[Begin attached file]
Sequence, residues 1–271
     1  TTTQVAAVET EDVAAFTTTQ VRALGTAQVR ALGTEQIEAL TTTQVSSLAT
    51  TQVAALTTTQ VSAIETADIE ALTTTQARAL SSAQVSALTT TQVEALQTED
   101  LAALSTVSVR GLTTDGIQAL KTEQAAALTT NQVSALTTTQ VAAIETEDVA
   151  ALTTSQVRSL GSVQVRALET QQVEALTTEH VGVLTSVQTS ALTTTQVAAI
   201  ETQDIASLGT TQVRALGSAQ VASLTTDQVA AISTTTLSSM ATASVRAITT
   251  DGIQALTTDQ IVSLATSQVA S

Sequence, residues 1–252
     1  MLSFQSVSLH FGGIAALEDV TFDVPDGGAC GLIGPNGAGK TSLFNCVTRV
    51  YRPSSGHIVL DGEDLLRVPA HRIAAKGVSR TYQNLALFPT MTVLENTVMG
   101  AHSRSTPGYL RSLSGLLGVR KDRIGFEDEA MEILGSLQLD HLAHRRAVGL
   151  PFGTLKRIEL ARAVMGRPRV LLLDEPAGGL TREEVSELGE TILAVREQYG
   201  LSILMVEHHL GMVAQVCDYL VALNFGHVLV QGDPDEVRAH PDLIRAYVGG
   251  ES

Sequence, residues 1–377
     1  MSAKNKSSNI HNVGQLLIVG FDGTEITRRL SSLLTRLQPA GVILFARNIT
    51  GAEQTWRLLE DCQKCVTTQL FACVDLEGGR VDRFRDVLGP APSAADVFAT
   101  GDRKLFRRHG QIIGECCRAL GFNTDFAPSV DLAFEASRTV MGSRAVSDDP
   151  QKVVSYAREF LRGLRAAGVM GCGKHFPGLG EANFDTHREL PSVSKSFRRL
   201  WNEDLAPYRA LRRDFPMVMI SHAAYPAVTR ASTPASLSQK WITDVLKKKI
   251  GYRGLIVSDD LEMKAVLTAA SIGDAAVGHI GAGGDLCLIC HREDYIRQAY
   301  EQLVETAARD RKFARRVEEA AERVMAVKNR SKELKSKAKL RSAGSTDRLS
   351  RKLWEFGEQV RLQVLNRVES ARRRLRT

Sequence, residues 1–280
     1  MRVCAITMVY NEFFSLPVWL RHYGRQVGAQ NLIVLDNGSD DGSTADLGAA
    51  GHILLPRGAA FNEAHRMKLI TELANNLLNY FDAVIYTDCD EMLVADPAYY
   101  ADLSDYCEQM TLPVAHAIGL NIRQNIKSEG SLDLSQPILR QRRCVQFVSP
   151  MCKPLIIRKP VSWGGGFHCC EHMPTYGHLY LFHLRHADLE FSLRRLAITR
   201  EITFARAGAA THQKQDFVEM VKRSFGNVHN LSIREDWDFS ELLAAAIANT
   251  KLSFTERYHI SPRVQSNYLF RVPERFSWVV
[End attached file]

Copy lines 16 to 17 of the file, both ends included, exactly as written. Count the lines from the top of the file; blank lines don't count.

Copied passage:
     1  MSAKNKSSNI HNVGQLLIVG FDGTEITRRL SSLLTRLQPA GVILFARNIT
    51  GAEQTWRLLE DCQKCVTTQL FACVDLEGGR VDRFRDVLGP APSAADVFAT